With my older DD, I left DH to do it. It took 2/3 nights I think, of going in every few minutes to start with, then spreading it out a bit. I left the house, I was too upset to have anything to do with it. blush

With younger DD it took an hour or two, of whining, not actual crying. I think I had just got so used to being there, I'd forgotten how to leave her to it for a bit. Older DD was much more complicated (prem, twin was stillborn, etc.)

I really think you need to do the following before trying again:

1. Move her into her own room for naps.
2. Have a fairly rigid nap timetable. When little DD was 13 months I think she slept from about 10-11, then from about 1.30-3/3.30. Make sure this is in her cot in her room.
3. Have a long discussion with DH about your approach before starting - agree on 'what ifs'.

Keep it to either you or DH who goes in, don't confuse her more than she will already be.

It will work, but be kind about it. Please don't let her scream for ages, and staying in the room with her will not work.

ariane5 Thu 20-Dec-12 09:36:16

All of my dcs were bad sleepers, but dd1 (11) and ds1 (5) perfect now (from age 3 both were only waking if ill) that may seem a long time to wait for a full nights sleep but I couldn't have left them to cry.dd2 and ds2 (3 and 7 m) wake up all through the night and we are exhausted but all they want is a cuddle or milk and we know they will eventually sleep through.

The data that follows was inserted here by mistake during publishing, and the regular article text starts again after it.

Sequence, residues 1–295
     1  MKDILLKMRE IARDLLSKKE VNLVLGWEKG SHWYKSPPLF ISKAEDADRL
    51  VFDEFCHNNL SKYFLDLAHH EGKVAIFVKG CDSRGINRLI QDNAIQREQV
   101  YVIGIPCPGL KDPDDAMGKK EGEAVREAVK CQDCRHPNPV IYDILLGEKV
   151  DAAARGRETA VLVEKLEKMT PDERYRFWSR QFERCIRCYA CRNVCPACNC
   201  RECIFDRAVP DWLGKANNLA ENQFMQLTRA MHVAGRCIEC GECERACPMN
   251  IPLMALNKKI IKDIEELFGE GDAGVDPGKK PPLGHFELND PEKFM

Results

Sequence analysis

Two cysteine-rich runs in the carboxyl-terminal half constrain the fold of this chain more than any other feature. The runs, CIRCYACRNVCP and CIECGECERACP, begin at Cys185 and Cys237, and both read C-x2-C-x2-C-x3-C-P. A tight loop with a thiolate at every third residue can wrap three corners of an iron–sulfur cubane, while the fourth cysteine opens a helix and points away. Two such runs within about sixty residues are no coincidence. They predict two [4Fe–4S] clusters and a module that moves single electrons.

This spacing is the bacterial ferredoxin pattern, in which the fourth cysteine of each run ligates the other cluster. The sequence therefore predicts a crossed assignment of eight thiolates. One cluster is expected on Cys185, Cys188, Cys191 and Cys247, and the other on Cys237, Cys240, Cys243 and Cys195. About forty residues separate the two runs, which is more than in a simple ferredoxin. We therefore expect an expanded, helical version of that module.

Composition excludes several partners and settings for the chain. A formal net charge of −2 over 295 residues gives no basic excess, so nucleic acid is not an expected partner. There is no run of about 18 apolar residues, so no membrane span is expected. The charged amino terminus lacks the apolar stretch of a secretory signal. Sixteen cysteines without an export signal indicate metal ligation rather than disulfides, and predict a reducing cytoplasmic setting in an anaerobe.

Babies cry for a reason,personally I could not just ignore it. When we decided to have dcs we expected sleepless nights.Obviously cc works for some people though it is just personal choice. I know that in next couple of years all dcs will be good sleepers. OP I would say pick up your baby if she can see you ignoring her it will be very upsetting and confusing for her.

Cerealqueen Thu 20-Dec-12 09:50:19

She is in our room because we need to sort out the bedroom for her and DD1. She will not have her own room.

She was asleep within half an hour at first, woke at 12.20, self settled then woke at 2.20 am, did not settle, hence me posting last night.

Please don't mak me me feel bad, we did not choose this route lightly and have resorted to a sleep clinic on advice of HV when we can't really afford it but need the professional support. I am exhausted, it has been affecting me mentally and we have no help so no break, wakings 2/3 times a night or more since she was born. Ariane5, we expected sleepless nights too, but the DDs need a mother who can function.

thank you loops for the suggestion about naps and when to do them.

SledsImOn Thu 20-Dec-12 09:58:49

I don't think anyone wants you to feel bad.

I think we can all sense that you already do! You poor thing. You're just doing your best like the rest of us.

First off I get rather cross with so called sleep clinics...they're a money making exercise and it sounds like you've not had much help from them anyway.

I would ditch them. Babies do all learn to sleep in the end.

I can only tell you my own experience...I'm single so have never had any help from a partner. What I have done is sleep with my children, in my bed, feeding on demand. For as long as it took.

My most stressful point was when my mother suggested I put ds1 in his own room, when he was 2/3 - which involved persuading him to stay there, getting up to his shouts several times a night, and total crippling exhaustion for us both.